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#1




Question About Delta (Greeks)
Delta is the partial derivative of the option price with respect to the stock price and given to be calculated as .
Looking at BlackScholes where , the given formula for Delta would be the partial of the option price with respect to the stock price, but only if is a constant. But is dependent on stock price, so it's not a constant. Can anyone help me understand why ?
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If you don't know where you are going, any road will take you there. Lewis Carroll Last edited by Phantomwise; 02192008 at 11:15 AM.. Reason: Learning MimeTex 
#2




The important point is that d2 also depends on S, and so
But those last two terms exactly cancel out (you need to work out the partial derivatives of d1 and d2 for that to be clear, though). EDIT: Oh, you probably also need to use the formula for , too. It's been a little while since I checked this formula.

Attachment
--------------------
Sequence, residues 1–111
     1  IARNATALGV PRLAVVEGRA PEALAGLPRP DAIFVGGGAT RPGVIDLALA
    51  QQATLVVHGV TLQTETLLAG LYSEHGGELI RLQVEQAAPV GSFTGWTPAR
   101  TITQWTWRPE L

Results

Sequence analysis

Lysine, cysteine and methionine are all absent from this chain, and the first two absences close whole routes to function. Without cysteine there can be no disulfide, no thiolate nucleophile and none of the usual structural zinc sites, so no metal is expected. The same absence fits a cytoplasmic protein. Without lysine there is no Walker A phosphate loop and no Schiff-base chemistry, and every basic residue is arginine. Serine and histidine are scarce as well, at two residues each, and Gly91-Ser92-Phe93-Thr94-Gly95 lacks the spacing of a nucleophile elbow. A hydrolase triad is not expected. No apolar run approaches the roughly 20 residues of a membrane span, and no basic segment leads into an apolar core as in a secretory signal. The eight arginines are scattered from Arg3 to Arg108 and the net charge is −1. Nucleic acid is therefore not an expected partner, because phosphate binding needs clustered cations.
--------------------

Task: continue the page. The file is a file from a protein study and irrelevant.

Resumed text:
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The Poisson distribution wasn't named after a fish  it was named after a man ... who was named after a fish. Last edited by jraven; 02152008 at 07:48 PM.. 
#3




Bah, I might as well just work it out.
We know , so that tells us that . We also know that so Putting this into our formula for gives
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The Poisson distribution wasn't named after a fish  it was named after a man ... who was named after a fish. 
#4




I'd forgotten about . It doesn't seem intuitive that the terms would cancel like that, but looking at your proof I see that it does indeed work out that way mathematically. Interesting.